France and Germany harbor the biggest reservations, arguing that it will be difficult to establish rules respected by all. Some critics suspect them of reluctance to give up dubious export-promoting business practices, though Germany has recently proposed legislation to end tax-deductibility of bribes.
Partly because of differences between governments, some important features of the plan remain vague. It is unclear, for example, how the proposed disciplines would be policed if they do take effect and what, if any, sanctions would be imposed on offenders.
Even backers of the OECD initiative concede it is unlikely to be legally watertight. Inspired by the U.S. Foreign Corrupt Practices Act, passed after the Lockheed Corp. bribery scandal in the early 1970s, it has several loopholes. The act's provisions can be evaded, both legally (for example, by linking business contracts with help for aid projects) and illegally (by setting up joint ventures, with the partner outside the jurisdiction paying the bribe).
The point of the initiative, says Pieth, is not to jail as many chief executives as possible, but to change corporate culture. In the U.S., passage of anti-bribery legislation has prompted many companies to establish codes of conduct and train staff to ensure its provisions are met.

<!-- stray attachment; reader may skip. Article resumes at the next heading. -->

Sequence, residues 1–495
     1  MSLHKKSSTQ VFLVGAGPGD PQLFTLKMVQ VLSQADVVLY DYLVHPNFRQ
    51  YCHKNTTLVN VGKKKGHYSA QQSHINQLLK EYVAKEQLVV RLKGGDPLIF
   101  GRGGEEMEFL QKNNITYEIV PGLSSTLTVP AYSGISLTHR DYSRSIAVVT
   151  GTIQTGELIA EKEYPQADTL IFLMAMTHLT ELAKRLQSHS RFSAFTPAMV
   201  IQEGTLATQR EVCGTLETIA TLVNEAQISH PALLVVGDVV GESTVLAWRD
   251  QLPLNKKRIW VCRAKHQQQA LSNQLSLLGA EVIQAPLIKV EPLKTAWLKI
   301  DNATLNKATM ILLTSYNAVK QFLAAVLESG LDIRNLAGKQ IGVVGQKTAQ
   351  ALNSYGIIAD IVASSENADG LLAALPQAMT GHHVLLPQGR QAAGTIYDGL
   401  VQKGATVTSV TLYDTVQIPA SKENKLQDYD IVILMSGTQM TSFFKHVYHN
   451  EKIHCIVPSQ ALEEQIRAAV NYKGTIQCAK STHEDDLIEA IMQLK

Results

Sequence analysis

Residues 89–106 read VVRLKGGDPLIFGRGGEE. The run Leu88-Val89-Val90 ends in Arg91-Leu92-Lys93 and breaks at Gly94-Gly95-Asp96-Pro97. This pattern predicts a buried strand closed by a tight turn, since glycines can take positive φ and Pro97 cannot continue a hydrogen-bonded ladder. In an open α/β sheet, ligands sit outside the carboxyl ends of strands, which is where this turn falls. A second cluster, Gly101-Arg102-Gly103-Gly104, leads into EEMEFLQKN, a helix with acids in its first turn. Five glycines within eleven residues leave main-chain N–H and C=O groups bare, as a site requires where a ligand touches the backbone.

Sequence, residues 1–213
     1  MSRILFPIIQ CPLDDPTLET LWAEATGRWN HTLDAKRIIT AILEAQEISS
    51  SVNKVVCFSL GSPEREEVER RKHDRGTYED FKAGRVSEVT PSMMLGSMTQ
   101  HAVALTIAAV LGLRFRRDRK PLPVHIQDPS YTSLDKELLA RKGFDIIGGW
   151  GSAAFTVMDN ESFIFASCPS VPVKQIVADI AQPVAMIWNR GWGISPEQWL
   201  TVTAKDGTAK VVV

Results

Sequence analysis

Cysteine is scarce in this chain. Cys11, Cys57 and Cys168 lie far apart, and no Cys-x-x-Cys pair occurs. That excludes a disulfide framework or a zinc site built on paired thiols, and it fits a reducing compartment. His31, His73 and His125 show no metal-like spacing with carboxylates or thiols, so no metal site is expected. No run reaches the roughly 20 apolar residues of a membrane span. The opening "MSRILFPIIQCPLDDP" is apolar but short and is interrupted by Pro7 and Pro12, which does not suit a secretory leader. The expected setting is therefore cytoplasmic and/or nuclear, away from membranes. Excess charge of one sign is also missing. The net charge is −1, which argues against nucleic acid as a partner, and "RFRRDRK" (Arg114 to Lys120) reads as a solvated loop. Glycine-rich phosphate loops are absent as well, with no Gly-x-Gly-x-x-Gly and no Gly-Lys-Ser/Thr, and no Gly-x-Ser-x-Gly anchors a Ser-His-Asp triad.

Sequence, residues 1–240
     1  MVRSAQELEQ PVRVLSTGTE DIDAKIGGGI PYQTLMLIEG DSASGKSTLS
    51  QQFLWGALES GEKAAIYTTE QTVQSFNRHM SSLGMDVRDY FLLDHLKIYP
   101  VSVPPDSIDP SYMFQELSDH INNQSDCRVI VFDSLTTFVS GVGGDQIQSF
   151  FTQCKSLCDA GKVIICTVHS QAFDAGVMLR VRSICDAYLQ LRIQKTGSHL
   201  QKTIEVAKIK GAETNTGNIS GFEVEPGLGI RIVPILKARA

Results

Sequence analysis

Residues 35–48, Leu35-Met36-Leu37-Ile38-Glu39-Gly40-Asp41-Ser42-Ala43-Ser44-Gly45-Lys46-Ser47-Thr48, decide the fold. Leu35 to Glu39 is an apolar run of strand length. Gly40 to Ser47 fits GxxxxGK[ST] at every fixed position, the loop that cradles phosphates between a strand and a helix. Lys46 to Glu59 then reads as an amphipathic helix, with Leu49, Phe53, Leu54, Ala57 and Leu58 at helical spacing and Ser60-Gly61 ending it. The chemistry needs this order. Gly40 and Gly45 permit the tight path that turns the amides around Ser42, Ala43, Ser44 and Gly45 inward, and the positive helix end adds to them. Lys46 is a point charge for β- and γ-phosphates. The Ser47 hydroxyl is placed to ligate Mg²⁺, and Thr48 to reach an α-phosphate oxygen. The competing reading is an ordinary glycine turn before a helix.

Efforts to extend anti-bribery measures are likely to face huge legal hurdles. David Wood, head of international trade at the Confederation of British Industry, says agreement on what are normal or abnormal payments will present problems. Nor will it be easy to reach a workable definition of who constitutes a ``public official.'' Another problem, according to Danforth Newcomb, a partner with U.S. law firm Shearman & Sterling, would be introducing effective legislation across all the OECD's members. Mexico, for instance, is regularly beset by massive corruption scandals.
But, says Pieth, if the initiative was first backed by G7 governments and other big industrial countries such as Switzerland, Norway, the Netherlands and South Korea, it would cover about 70% of world trade. Other countries could join later.
This approach may be seen as too piecemeal. That, in turn, would risk deepening reservations among businesses prepared to comply with the treaty that they would lose business to competitors that continued to pay bribes.
Another shortcoming is that the treaty aims to control bribery by addressing the supply side. There is no attempt to curb demands by officials in many developing countries who have come to see such payments as an essential perk of office.
Admittedly, that part of the problem is far from easy to solve. The World Bank argues that corruption in many developing countries stems from severe deficiencies in the apparatus of the state, which can be remedied effectively only through sustained and sweeping reforms.
If the OECD succeeds in putting flesh on the bones of its anti-bribery initiative, it will have taken the first step in tackling the problem. But if the world's richest democracies are unable to agree on a course, they can hardly blame poorer countries for failing to take action.